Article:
Once he trusted us not to destroy the good coffee beans, Dan moved us up to a larger machine. We liked the BIG MACHINE. One of the highlights from the day was walking around the factory looking at all the machines in pieces. There were a few antique roasters around (and we mean the machines this time), it was fascinating to look into the old machines and really learn the mechanics of it all.

Roaster face

Body

Cooling tray

 

 

Drum
Antique Roaster survived Katrina
Peek-a-boo

For Me? Thanks!

Continuing our day of hands-on learning we moved to the metal wPower Ranger!orking section of the factory. If you ever want to feel powerful, learn to weld. FIRE, harnessed, is awesome! Here you have two pieces of steel, STEEL – superman is made of steel, this stuff is strong. With just a few moments of effort these two pieces of metal were stuck together. And we did it! We stuck the metal together! That’s power. Heh-heh-heh.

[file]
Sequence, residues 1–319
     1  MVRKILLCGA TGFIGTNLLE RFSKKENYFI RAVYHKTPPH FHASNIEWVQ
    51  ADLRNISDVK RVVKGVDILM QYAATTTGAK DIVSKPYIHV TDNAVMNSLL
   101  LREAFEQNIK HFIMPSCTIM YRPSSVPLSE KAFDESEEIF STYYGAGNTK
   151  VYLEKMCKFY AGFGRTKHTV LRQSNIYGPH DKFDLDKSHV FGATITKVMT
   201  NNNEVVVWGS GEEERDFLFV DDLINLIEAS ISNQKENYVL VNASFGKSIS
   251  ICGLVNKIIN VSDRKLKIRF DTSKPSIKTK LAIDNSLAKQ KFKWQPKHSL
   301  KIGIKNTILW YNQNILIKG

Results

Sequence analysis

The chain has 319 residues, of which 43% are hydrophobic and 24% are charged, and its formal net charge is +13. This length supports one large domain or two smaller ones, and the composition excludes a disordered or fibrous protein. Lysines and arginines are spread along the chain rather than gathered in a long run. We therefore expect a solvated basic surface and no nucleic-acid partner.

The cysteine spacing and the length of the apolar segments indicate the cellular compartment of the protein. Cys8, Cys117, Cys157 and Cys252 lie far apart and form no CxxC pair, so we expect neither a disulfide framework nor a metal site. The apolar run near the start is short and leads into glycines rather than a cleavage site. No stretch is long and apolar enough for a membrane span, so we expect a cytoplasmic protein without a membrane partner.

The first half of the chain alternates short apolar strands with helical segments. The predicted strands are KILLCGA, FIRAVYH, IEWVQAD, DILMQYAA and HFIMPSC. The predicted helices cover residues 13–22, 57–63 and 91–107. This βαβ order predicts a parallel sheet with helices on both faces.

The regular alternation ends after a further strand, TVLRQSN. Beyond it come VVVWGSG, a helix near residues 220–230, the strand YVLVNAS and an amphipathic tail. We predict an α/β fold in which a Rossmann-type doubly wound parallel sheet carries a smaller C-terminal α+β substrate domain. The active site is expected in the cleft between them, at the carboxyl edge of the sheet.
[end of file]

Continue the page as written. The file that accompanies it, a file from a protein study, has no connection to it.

view from inside the helmet Melting Metal

 

Banana Curls, Puffy sleeves, BIG METAL HEAD???????

 

We did it!Thanks Guys!

 

The HopperWe played with metal for half-an-hour then Dan had some roasting orders he needed filled for the factory shop. He let us roast the rest of the beans that day – about 10 batches in all. We took turns operating the machine until our stomachs were rumbling as loud as the roaster.
Go, Roaster, Go!

 

Hee-Tee!!